Provident Trade – A Fishy Broker , Scam Revealed

Provident Trade is a broker located in Johannesburg, South Africa. They present themselves as legitimate by claiming to be licensed and maintaining a professional-looking website.

An impressive website can make a broker appear competent and trustworthy. Therefore, this is a frequent strategy used by shady brokers.

Licenses and Laws That Promote Prosperity in Business

Red Pine Capital (Pty) Ltd. claims ownership of Provident Trade. Red Pine Capital (Pty) Ltd. is registered as a forex broker with the FSCA (Financial Sector Conduct Authority) and may thus be transacted with legally.

Provident Trade may or may not be a genuine Red Pine Capital offering, but we can’t tell because FSCA doesn’t reveal the company’s trading name.

So now you know why it’s risky to work with brokers who have an FSCA license. You can never tell if a company is the real deal or a clone.

We would not advise trading with Provident Trade because it is impossible to tell whether or not they are regulated.
Because of the prevalence of fraud in the foreign exchange market, many countries, including the United States and Europe, have instituted stringent financial regulations. Forex brokers (and other similar service providers) are subject to tight regulations from governing bodies to prevent any potential conflicts of interest.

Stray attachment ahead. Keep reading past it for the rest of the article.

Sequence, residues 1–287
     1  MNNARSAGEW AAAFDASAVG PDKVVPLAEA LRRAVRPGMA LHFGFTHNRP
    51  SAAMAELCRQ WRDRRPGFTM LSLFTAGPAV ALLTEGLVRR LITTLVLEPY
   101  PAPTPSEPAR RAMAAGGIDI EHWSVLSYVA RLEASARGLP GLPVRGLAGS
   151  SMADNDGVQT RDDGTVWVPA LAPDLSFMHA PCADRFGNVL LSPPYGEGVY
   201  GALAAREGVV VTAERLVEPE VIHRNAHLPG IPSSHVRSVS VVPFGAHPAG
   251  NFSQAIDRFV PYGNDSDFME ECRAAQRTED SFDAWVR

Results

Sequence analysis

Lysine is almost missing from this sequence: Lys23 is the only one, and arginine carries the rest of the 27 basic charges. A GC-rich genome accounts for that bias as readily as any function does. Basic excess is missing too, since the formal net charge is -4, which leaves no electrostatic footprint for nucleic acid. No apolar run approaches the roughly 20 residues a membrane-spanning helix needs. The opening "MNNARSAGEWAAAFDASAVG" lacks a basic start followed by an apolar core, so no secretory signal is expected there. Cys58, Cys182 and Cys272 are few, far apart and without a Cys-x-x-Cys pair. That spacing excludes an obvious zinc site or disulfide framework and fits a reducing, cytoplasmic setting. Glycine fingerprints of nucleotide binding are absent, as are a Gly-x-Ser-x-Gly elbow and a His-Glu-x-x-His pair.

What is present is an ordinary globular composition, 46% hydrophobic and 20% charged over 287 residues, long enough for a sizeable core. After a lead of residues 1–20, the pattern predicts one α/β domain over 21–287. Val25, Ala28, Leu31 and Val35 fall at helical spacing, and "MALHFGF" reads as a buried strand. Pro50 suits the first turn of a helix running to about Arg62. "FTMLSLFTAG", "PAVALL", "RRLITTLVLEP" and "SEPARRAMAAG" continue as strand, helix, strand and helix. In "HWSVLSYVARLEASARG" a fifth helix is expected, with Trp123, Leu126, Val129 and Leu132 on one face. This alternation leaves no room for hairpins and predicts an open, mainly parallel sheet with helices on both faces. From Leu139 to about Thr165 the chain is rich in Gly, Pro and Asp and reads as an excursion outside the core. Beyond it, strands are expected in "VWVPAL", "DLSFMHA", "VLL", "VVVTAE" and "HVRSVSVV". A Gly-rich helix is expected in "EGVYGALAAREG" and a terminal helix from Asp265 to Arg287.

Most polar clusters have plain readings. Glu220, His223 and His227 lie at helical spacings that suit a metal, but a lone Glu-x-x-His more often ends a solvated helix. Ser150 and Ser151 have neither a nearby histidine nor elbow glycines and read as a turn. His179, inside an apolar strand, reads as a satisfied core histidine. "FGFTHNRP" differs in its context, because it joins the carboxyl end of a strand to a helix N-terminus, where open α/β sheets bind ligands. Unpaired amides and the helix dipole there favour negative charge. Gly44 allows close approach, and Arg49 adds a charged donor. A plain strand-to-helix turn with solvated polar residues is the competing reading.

Those who are unregistered and unregulated, however, wouldn’t be subject to the rules. They can take action detrimental to you (such as data theft) and get away with it.

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In addition, insurance coverage may be provided by authorities like the FCA if the broker takes their clients’ money. If an FCA-regulated broker steals your money, for instance, you might receive up to ¬£85,000. Such services are unavailable through unlicensed brokers. For this reason alone, you should avoid working with an unlicensed forex broker.

Favorable Market Conditions for Trading

Before you decide to work with a forex broker, you should always review their trading terms.

Market Place

Metatrader 4 and 5 are, without a doubt, the best trading systems on the market. These systems are used by virtually all major forex brokers due to their extensive feature sets.

The developers of Provident Trade are aware of this, which is why they have stuck with the tried-and-true MetaTrader 5 trading platform. When composing this critique, that was one of the few bright spots I discovered.